Many newly discovered species have been uncovered recently by scientists. It seems to be a trend lately with a plethora of new species popping up in a variety of field research studies. Whether the creatures are extinct or currently living, scientists have been working hard to find out more about these new critters. Many of these new species seem to be extremely secretive or just under our noses, thus making the research of such creatures a challenge. With so many newly discovered species being found lately, it’s no wonder it seems that their stories are becoming the latest headlines of recent science news.
Recently a new fish species has shown its face, called the flasher wrasse fish (Paracheilinus rennyae) or locally known as ikan karang. The fish was found in the East Nusa Tenggara and obviously is proving the importance of environmental conservation in the Komodo Park region and the southwest florres coral reefs. With further study researchers found the fish to be genetically different from other flasher wrasse fish. It is hoped that this very colorful fish may bring in further tourism to these areas, but researchers are unsure as to how valuable the new species will be to the tourism trade as of yet.
Another discovered species of fish found in the South Carolina waters, called the Carolina Hammer-head Shark (Sphyrna gilbert), was also confirmed with genetic screening. Due to the fact that this shark was identical to other scalloped hammer-head sharks, genetic testing was the only way to truly identify it as a new shark species. The only slight difference that scientists did note was that they were a tad smaller than the scalloped shark. There is great concern for the survival of these sharks, and other shark species, due to severely plummeting populations that have decreased to 90% sadly. A huge cause for such a decline is the demand for shark fin soup, known as a specialty dish in Chinese culture.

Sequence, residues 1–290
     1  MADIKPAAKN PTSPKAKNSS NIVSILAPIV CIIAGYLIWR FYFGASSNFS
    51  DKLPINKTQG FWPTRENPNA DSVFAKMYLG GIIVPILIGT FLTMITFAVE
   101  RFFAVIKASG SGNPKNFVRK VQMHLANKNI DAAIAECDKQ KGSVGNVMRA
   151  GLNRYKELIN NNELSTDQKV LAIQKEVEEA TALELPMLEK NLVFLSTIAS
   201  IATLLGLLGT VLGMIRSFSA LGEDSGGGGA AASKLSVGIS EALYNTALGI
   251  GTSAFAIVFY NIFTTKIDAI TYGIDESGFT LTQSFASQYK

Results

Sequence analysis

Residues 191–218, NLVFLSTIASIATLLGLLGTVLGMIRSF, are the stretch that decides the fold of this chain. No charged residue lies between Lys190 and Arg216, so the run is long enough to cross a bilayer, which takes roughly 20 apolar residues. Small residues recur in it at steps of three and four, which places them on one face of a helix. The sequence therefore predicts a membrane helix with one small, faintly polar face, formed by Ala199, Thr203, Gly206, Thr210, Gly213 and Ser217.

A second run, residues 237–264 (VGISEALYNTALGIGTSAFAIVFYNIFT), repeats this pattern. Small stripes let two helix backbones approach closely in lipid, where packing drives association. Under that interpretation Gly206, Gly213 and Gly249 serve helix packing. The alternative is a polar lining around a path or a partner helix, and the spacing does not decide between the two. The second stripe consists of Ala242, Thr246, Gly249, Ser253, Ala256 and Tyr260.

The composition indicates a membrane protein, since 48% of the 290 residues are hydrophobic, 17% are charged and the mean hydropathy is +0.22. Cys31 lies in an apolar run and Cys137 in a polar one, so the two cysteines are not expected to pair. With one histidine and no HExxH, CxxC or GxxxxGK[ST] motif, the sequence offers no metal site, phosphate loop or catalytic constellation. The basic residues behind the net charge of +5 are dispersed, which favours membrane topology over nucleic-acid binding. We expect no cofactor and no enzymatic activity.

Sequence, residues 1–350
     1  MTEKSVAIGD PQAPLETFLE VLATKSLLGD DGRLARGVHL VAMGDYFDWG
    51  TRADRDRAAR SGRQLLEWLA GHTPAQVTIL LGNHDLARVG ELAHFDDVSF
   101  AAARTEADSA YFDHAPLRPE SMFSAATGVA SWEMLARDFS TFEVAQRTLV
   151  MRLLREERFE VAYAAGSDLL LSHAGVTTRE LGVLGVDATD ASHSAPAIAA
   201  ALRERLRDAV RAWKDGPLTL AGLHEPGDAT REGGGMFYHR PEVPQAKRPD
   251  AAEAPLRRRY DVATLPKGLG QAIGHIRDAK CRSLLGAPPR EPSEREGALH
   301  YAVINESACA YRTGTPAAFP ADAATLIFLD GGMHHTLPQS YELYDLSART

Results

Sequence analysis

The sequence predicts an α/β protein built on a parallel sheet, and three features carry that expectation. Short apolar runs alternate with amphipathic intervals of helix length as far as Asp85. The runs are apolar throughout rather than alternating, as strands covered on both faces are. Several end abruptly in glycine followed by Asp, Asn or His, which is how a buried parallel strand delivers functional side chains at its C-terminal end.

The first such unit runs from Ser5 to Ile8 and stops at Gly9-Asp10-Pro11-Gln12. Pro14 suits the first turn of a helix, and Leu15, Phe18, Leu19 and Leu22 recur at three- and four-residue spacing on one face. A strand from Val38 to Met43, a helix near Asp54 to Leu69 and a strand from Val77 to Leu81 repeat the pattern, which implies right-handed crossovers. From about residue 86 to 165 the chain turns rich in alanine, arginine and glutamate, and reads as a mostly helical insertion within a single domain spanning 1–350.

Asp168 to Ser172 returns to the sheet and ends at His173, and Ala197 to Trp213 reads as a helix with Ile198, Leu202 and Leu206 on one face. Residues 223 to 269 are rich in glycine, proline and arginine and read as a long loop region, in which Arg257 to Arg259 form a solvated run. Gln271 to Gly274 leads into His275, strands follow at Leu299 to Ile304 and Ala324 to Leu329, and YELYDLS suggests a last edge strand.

Now in SouthWestern Turkey, a new species of scorpion has been found. This secretive wood-scorpion (Euscorpius lycius) may seem poisonous when looking at its nasty stinger and pincers, but in reality it is totally harmless to humans. So now this new species is number five in their genus in Turkey, but what is even more interesting is that there are now a total of 1700 species of scorpions worldwide except in Antarctica.
So what about some of the newly discovered species that are now currently extinct? Well, recently the fossil of a new big cat species called Panthera blytheae was dug up and was found with DNA evidence to be related to the pantherinae sub-family that included lions, tigers and leopards. Scientists think this new cat shows that their evolutionary origin is deeper than they thought. This new find proves the previous evolutionary estimates wrong in that these great cats did not split from the genus Neofelis until 3.72 million years or so. The cat was found in a region that overlaps other great cat habitats. These cats showed that they have evolved in central Asia and spread out from there.
As it seems, the new species that are being reported lately are not letting up! So many more are being discovered everyday. Living or extinct, we are learning much more about our planet than ever possible. In reality, we have much more to discover here on earth than people sometimes realize. We humans have so much ground to cover, and we only know less than a third of our oceans as of today!
By Tina Elliott
Discovered Fish Species
Big Cat Discovery